Symptoms Of Irritable Bowel Syndrome

Up to now, the cause of IBS is not known. Studies are still being conducted to know the etiology and triggering factors. The treatment and medications of IBS are all geared for the managements of symptoms. There is no way to prevent the condition. It is more common in women than men. SYMPTOMS Now that we have an overview of what irritable bowel syndrome is, we will now tackle the most common symptoms it can bring. The most common symptom is abdominal pain and discomfort. This pain is usually relieved by a bowel movement. The length of time the pain may be felt varies from one person to another. You may also experience bloating and even swelling in the abdomen. At least 3 bowel movements per day or less than 3 times per week. Loose or hard stool. Stool may also have mucus. Other symptoms that may be seen include muscle pain, backache, loss of appetite, belching and headache. pop over to this web-site http://www.examiner.com/article/symptoms-of-irritable-bowel-syndrome





Irritable Bowel Syndrome





FODMAP stands for fermentable, oligosaccharides, disaccharides, monosaccharides and polyols. These are short-chained carbohydrates that are poorly absorbed in the small intestines causing discomfort and bloating. This occurs because FODMAPs are osmotically active; this means they pull water into the intestinal tract and as large amounts of FODMAPs are fermented in the gut, symptoms can develop in people sensitive to these effects, such as those with IBS. There are five categories of high FODMAP foods to include the following: Fructose: Fruits, honey, high fructose corn syrup Lactose: Dairy foods Galactans: Lentils, legumes Polyols: Sweeteners containing sorbitol, mannitol, xylitol, maltitol and stone fruits There has been some success in relieving symptoms of IBS in people that limit some of these foods. However, a low FODMAP diet can be difficult to follow low in fiber and limiting in some essential nutrients. Michigan State University Extension recommends you work with a registered dietitian in order to help customize a diet plan that works best for you. Most dietitians will recommend eliminating high FODMAP foods for four to six weeks, but you will usually see symptom improvement within one to two weeks. As you work with your registered dietitian, high FODMAP foods will be slowly reintroduced separately, in order to pinpoint offending foods. It is beneficial to keep a food diary during this reintroduction phase since it is common to have immediate symptoms with certain foods. Stanford University Medical Center provides a handout of Low FODMAP foods and tips on how to incorporate a low FODMAP diet into your lifestyle. MSU Extension programming promotes healthy lifestyles and educates Michigan residents, allowing each individual to acquire the skills to take control and manage his or her personal health, consume an affordable and nutritious diet, improve self, family and community relationships, reduce the spread of disease and to be a leader in the food industry. More information can be found at http://msue.anr.msu.edu/topic/info/food_health . This article was published by Michigan State University Extension . For more information, visit http://www.msue.msu.edu . their explanation http://msue.anr.msu.edu/news/irritable_bowel_syndrome_a_low_fodmap_diet_for_symptom_relief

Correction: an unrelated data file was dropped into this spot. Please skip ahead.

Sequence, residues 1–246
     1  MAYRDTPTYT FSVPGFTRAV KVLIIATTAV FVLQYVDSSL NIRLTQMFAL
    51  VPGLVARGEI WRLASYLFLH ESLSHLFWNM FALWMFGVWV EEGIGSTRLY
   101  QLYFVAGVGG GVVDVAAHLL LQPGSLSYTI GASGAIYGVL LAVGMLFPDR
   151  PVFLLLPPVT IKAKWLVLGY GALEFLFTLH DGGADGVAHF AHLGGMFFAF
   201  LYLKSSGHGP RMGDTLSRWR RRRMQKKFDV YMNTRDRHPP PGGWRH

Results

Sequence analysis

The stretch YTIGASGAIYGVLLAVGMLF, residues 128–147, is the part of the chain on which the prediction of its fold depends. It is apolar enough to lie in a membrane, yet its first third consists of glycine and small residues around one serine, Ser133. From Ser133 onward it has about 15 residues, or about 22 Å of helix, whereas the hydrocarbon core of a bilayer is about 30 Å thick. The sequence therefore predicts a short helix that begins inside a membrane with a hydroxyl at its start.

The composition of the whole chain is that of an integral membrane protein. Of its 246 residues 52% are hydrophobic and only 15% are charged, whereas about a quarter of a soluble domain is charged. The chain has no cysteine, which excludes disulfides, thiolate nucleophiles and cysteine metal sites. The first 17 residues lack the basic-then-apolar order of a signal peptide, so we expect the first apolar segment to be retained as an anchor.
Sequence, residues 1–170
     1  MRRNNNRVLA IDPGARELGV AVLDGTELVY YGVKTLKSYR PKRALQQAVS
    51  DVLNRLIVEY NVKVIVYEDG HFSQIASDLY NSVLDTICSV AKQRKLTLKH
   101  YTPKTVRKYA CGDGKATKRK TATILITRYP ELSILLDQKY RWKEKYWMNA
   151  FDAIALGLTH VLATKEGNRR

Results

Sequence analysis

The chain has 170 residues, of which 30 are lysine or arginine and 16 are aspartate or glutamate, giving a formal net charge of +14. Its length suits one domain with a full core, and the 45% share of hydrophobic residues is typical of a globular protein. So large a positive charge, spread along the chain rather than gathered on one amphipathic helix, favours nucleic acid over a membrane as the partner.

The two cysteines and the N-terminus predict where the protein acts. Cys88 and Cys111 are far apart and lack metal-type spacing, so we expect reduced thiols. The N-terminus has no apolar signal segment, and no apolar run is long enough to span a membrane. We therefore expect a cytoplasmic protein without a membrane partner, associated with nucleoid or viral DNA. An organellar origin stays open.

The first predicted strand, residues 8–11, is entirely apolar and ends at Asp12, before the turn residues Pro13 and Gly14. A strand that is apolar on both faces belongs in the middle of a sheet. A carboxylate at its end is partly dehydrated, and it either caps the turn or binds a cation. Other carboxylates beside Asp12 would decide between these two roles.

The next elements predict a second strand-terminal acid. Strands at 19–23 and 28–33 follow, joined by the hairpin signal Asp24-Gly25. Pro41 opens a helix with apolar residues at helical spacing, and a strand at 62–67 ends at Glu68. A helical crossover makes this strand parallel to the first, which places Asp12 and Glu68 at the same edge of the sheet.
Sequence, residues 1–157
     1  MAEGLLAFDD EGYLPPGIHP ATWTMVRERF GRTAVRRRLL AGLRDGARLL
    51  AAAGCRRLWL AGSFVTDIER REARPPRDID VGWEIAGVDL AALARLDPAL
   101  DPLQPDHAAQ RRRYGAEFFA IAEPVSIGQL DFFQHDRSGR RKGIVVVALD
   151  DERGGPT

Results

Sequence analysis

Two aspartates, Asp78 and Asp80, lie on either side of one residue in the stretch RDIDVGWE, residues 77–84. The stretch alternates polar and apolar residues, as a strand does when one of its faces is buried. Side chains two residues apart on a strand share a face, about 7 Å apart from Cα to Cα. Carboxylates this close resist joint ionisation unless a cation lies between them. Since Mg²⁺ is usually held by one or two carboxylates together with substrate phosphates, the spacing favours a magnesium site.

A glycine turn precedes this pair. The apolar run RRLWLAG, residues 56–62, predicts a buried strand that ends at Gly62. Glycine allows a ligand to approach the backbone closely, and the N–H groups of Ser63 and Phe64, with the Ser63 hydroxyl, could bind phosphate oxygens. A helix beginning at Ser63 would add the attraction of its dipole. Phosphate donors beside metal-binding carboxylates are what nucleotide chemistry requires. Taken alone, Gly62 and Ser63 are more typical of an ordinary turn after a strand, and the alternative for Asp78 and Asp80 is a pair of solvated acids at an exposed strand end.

Irritable Bowel Syndrome: A low FODMAP diet for symptom relief





These include: Fiber supplements or mild laxatives such as Milk of Magnesia to relieve constipation Anti-motility medications such as loperamide (Imodium) or Kaopectate to reduce diarrhea But be sure to follow your doctor's advice when using over-the-counter medications because laxatives can be habit forming if used too often, and antidiarrhea medications can cause constipation. In addition, the following prescription medications are often used to treat IBS. Smooth muscle relaxants, including hyoscyamine (Levsin) and dicyclomine (Bentyl), may help relieve cramping. Tricyclic antidepressants such as amitriptyline (Elavil) imipramine (Tofranil) have been shown to relieve symptoms for people with severe pain and diarrhea. Lower doses are used than those typically given to treat depression. SSRI antidepressants (including Prozac, Zoloft, and Effexor) may help relieve symptoms in some people, although there have been few randomized clinical trials done to gauge their effectiveness. One medication was developed specifically to treat IBS: Alosetron hydrochloride (Lotronex), which has been approved by the Food and Drug Administration for women with severe IBS who have not responded to conventional therapy and who have mostly diarrhea. This drug can have severe side effects, including constipation and decreased blood flow to the colon. Some deaths have been reported. Accordingly, patients must thoroughly discuss the benefits and risks with their physician before taking this medication. In fact, patients are required by the FDA to sign a Patient-Physician Agreement before they can receive a prescription for this medication. Stress relief Stress causes intestinal spasms in people with IBS, so reducing stress is a key part of treating the condition. Nerves in the colon control the intestine's contractions. Many nerves connect the colon to the brain, which helps explains why people get "butterflies" in their stomach when they're nervous or excited. In people with IBS, the colon can respond to even the slightest stressor. go to this website http://health.usnews.com/health-conditions/digestive-disorders/irritable-bowel-syndrome/treatment